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Ch. 8: Conservation of EnergyPowerPoint Presentation

Ch. 8: Conservation of Energy

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Ch. 8: Conservation of Energy

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- Kinetic Energy: K = (½)mv2
- Associated with movement of members of a system

- Potential Energy
- Determined by the configuration of the system(location of the masses in space).
- Gravitational PE: Ug = mgy
- Elastic PE(ideal spring): Ue = (½)kx2

- Internal Energy
- Related to the temperature of the system

- Nonisolated systems
- Energy can cross the system boundary in a variety of ways
- Total energy of the system changes

- Isolated systems
- Energy does not cross the boundary of the system
- The total energy of the system is a constant
(CONSERVED!)

- Work– transfers energy by applying a force & causing a displacement of the point of application of the force
- Mechanical Waves– allows a disturbance to propagate through a medium
- Heat– is driven by a temperature difference between two regions in space

- Matter Transfer– matter physically crosses the boundary of the system, carrying energy with it
- Electrical Transmission– transfer by electric current
- Electromagnetic Radiation– energy is transferred by electromagnetic waves

a) Work b) Mechanical Waves c) Heat

d) Matter Transfer e) Electrical Transmission

f) Electromagnetic Radiation

Conservation of Energy

- TOTAL Energy is conserved
“Total”means the sum of all possible kinds of energy.

“Conserved”means that it remains constant in any process. In other words, Total Energy can be neither created nor destroyed, but only can be transformed from one form to another or transferred across a system boundary.

If the total amount of energy in a system changes, it can only be due to the fact that energy has crossed the boundary of the system by some method of energy transfer

The total change in the energy of a system = the

total energy transferred across a system boundary.

DEsystem = ST

Esystem= total energy of the system

T = energy transferred across the system boundary

- Established symbols: Twork = W & Theat = Q
- Others just use subscripts

A full expansion of the above equation gives:

D K + D U + DEint = W + Q + TMW + TMT + TET + TER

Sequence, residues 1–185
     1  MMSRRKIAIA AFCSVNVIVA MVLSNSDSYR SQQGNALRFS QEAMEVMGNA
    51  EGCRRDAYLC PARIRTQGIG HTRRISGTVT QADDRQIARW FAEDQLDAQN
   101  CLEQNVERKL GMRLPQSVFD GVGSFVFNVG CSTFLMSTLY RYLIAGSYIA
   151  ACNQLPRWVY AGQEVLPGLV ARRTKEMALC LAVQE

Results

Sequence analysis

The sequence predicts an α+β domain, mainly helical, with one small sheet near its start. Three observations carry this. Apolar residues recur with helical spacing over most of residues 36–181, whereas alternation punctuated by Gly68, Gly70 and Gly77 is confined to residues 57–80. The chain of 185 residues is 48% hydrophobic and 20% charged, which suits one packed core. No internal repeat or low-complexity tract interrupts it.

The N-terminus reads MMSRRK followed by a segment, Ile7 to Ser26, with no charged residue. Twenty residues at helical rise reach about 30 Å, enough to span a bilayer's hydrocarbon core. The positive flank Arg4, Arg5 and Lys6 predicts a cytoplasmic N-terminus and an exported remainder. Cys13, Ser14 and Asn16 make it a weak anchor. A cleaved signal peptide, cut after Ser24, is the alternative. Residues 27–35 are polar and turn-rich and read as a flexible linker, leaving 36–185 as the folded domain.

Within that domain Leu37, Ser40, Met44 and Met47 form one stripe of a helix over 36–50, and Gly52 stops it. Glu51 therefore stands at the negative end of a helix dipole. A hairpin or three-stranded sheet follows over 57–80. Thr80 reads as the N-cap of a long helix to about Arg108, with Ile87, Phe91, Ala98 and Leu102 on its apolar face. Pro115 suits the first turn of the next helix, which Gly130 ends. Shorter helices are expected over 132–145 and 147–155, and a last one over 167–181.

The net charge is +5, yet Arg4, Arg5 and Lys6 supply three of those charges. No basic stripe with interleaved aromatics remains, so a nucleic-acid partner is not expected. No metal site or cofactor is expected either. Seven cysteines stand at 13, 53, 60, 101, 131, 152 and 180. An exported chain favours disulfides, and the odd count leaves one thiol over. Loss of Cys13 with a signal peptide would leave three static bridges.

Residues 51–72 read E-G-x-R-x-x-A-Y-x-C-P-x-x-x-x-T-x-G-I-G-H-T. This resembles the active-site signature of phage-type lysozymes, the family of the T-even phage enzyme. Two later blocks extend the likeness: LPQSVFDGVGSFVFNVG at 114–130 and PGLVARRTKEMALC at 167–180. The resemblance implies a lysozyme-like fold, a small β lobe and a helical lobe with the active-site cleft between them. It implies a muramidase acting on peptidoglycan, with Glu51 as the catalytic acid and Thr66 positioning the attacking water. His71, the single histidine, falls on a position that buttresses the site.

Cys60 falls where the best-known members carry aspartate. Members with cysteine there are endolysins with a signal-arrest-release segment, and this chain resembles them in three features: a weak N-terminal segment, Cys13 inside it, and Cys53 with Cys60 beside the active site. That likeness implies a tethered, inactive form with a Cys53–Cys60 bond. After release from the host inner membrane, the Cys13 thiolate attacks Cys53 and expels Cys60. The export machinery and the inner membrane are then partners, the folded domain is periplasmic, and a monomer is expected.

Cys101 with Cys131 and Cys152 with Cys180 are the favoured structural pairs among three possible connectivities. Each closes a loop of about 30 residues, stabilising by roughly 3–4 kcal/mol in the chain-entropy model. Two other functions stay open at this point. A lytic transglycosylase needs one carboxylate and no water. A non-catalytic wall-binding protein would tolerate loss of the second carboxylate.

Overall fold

Isolated System

- For an isolated system,ΔEmech = 0
- Remember Emech = K + U
- This is conservation of energy for an isolated system with no nonconservative forces acting

- If nonconservative forces are acting, some energy is transformed into internal energy
- Conservation of Energy becomes: DEsystem = 0
Esystem is all kinetic, potential, & internal energies

The most general statement of the isolated system model

- For an isolated system, the changes in energy can be written out and rearranged
Kf + Uf = Ki + Ui

This applies only to a system in which only conservative forces act!

- Calculate the speed of the ball at a distance y above the ground
- Use energy
- System is isolated so the only force is gravitational which is conservative
- So, we can use conservation of mechanical energy!

- Conservation of Mechanical Energy
Kf + Ugf = Ki + Ugi

Ki = 0, the ball is dropped

- Solve for vf:
The equation for vfis consistent with the results obtained from kinematics

- Solve for vf:

Example 8.2 – Grand Entrance

- An actor, mass mactor = 65 kg, in a play is to “fly” down to stage during performance. Harness attached by steel cable, over 2 frictionless pulleys, to sandbag, mass mbag = 130 kg, as in figure. Need length R = 3 m of cable between nearest pulley & actor so pulley can be hidden behind stage. For this to work, sandbag can never lift above floor as actor swings to floor. Let initial angle cable makes with vertical beθ. Calculate the maximum value θcan have such that sandbag lifts off floor.

Free Body Diagrams

Step 1: To find actor’s speed at bottom, let yi = initial height above floor & use

Conservationof Mechanical Energy

Ki + Ui = Kf + Uf

or 0 + mactorgyi = (½)mactor(vf)2 + 0(1)

mass cancels. From diagram,

yi = R(1 – cos θ)

So, (1) becomes:(vf)2 = 2gR(1 – cosθ) (2)

Step 2: Use N’s 2nd Law for actor at bottom of path (T = cable tension).

Actor Sandbag

at bottom

Actor:∑Fy = T – mactorg = mactor[(vf)2/R]

or T = mactorg + mactor[(vf)2/R] (3)

Step 3: Want sandbag to not move. N’s 2nd Law for sandbag:

∑Fy = T – mbagg = 0 or T = mbagg (4)

Combine (2), (3), (4): mbagg = mactorg + mactor[2g(1 – cosθ)].

Solve for θ: cosθ = [(3mactor - mbag)/(2 mactor)] = 0.5 or, θ = 60°